If there’s one thing I love about Italy (apart from cobbled streets and interesting architecture), it’s the colorful food culture that sweeps up both locals and tourists alike. During our backpacking trip across Italy two years ago, Gloria and I were stranded in Rome for two nights. We were supposed to be in Florence, but we missed our train and after a dodgy encounter with a fake cab driver whose license was a laminated piece of paper, we decided it was best to stay in Rome and explore the city in the morning.
That was a smart decision because Rome, as it turned out, was breathtaking. From the historical sites like the Colosseum and the enchanted alleys flanked by dozens of cute little shops selling the most exquisite desserts, Rome had us wrapped around its charming little finger.
There are three things you need to try when in Rome:
And of course, the list goes on. Rome’s food pockets run deep. Just look up “best pastas nearby” and you can spend hours just scrolling through heaps and heaps of high-rated restaurants.
For lunch that day, Gloria and I popped by Barrique on via Cavour. We ordered a spaghetti a la carbonara and the Dia Vola pizza.
I love pastas (can’t stress that enough!) and this was definitely one of the better ones I’ve had. When the pasta arrived, I was surprised. Instead of the thick, rich pool of cream sauce that I’d learned to expect of carbonara, there wasn’t much sauce, as you can see.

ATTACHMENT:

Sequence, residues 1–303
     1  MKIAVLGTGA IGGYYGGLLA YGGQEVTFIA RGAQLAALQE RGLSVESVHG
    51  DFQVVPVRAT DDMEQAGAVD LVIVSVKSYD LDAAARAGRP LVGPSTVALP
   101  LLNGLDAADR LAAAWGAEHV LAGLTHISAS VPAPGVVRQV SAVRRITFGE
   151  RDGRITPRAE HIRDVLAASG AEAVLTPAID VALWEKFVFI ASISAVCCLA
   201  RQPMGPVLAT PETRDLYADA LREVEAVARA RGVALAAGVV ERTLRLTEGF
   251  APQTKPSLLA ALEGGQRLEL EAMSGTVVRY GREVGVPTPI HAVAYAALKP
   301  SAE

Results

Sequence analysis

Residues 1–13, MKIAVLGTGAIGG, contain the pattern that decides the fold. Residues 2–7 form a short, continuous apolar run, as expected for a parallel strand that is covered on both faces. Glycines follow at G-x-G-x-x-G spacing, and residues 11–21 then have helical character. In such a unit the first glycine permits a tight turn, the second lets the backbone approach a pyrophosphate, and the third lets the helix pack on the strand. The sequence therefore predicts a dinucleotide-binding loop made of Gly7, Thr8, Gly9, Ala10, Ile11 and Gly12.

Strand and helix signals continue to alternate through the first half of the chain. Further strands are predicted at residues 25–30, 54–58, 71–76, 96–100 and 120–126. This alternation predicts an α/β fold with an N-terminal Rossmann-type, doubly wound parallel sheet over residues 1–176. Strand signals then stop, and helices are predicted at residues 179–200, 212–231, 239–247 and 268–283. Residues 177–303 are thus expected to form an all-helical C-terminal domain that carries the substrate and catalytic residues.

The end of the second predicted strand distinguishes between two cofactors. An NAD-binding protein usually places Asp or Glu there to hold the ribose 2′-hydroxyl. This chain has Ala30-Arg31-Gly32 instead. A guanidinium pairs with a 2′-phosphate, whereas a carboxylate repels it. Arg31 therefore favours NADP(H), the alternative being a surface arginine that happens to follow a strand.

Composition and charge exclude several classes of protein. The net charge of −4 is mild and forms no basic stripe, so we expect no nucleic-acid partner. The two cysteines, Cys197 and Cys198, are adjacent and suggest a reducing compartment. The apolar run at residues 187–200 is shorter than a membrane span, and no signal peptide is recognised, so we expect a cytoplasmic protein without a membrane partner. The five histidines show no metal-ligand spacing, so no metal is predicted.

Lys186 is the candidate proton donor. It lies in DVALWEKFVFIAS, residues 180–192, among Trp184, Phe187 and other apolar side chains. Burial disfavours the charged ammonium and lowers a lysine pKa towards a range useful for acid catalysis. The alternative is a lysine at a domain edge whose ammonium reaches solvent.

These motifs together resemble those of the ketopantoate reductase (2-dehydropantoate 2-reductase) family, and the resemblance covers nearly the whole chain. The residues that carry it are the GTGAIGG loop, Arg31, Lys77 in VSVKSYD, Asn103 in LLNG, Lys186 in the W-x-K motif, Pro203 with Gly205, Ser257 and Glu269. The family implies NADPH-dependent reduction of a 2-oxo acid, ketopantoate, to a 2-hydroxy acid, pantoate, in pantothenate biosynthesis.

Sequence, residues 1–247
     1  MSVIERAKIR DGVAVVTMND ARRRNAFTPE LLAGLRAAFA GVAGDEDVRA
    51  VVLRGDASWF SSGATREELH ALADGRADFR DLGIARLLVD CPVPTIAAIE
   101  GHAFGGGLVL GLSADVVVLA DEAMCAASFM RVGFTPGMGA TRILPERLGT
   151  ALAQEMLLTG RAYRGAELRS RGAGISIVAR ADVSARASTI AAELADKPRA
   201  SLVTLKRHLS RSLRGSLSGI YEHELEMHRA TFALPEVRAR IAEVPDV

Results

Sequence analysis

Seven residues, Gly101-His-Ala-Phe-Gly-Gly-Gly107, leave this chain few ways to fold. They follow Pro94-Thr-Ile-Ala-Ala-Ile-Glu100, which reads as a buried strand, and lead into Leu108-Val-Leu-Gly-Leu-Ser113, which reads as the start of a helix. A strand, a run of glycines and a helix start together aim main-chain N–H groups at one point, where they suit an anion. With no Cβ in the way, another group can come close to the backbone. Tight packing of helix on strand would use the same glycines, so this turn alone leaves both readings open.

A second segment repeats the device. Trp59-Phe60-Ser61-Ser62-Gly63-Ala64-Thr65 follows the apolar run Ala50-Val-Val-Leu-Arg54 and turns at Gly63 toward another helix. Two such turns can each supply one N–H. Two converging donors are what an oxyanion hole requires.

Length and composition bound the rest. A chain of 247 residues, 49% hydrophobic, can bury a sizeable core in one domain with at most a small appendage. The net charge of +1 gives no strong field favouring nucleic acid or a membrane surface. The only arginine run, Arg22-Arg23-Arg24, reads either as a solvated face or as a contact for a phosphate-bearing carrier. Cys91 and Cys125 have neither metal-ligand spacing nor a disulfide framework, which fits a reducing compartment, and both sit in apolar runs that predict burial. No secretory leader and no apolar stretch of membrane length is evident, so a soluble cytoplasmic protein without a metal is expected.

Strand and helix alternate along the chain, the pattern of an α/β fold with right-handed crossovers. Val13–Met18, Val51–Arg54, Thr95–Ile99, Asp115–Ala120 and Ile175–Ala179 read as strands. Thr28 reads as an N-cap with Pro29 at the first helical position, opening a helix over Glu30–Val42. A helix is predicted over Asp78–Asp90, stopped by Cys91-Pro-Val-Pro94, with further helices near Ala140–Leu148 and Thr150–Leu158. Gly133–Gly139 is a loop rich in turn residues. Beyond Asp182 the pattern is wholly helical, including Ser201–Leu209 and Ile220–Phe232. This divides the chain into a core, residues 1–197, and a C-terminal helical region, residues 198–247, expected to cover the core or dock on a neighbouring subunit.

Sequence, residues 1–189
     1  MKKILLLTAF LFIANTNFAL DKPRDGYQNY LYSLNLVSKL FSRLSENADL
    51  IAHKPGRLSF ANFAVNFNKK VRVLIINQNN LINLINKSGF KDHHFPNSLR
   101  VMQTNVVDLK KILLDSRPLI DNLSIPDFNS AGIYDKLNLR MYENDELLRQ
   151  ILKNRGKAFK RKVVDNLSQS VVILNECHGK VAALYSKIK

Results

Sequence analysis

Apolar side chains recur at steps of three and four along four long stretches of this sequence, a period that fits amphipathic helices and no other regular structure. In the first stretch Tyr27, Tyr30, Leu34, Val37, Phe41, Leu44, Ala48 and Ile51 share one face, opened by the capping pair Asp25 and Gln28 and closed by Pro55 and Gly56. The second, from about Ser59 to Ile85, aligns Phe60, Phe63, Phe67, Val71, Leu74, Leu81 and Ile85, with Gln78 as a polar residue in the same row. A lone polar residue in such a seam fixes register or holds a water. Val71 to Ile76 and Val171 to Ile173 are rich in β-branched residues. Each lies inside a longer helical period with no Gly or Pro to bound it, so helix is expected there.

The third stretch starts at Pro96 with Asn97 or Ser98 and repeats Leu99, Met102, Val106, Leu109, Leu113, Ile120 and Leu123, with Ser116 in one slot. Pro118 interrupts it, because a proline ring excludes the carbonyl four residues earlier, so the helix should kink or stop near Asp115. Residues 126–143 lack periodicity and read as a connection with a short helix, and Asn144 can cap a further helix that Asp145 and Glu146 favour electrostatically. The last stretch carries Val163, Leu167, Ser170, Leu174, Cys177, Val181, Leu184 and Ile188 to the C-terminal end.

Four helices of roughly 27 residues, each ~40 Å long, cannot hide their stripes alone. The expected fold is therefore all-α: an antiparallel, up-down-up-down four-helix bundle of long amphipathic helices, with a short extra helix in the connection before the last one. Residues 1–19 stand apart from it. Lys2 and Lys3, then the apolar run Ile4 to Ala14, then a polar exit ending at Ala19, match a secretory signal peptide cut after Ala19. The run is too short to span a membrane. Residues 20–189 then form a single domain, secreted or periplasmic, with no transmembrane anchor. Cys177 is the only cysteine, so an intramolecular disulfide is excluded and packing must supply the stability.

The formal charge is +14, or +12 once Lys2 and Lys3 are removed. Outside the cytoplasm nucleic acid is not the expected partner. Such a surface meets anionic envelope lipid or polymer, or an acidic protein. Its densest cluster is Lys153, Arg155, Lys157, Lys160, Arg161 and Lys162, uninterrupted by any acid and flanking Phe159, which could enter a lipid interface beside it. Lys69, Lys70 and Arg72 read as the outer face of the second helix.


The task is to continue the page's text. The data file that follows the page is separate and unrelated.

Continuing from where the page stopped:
The carbonara was amazing. Chewy spaghetti tossed in flecks of egg with a generous mound of pungent parmesan. (I’m not a parmesan fan, so I scooped them off onto Gloria’s plate. She happily indulged.)
Later as we continued across Italy and sampled more carbonara, I began to understand that the Italian carbonara doesn’t consist of pasta swimming in cream sauce. Cream is not exactly a norm in Italian recipes. The actual Italian version of this dish just combines eggs, cheese, bacon and black pepper.
The pizza that we ordered was a thin-crusted masterpiece embedded with milky cheese and slices of spicy salami. It also helped that we were hungry, so everything tasted extra delicious.
This was just a random restaurant we found while strolling along Cavour. The prices were a little steep, but I considered it a good splurge since all we’d been eating for every single meal throughout our trip was fresh baguette and cheese. When you’re on a budget, you’re on a budget.
You cannot go to Rome and not try Fatamorgana. It’s a little gelato shop tucked in a back alley (don’t worry, it’s safe) and this place received a 9.1 rating on Foursquare, so I knew I had to try it.
We sampled a few of them before finally settling for the mouthwatering pistachio and rich Madagascar chocolate. Good choices! Fatamorgana carries some pretty exotic flavors, so if you’re a very adventurous foodie, you’d love flavors like basil and ginger. I’d like to consider myself adventurous, but when it comes to ice cream, I’m quite happy in my comfort zone.
The nice cashier kept saying, “Eat it quick or it’ll melt. It’s very soft.” He said it five times from when he scooped them into a crunchy waffle cone to the time he received the Euros. All of that only took like, 15 seconds?
And boy, was he right! The gelato started pooling really fast and soon, streaks of pistachio and chocolate were running down the side of the cone. That’s how you know it’s really fresh.
And that’s pretty much all the food we had in Rome that afternoon. In the evening, it was back to baguette and cheese for the both of us.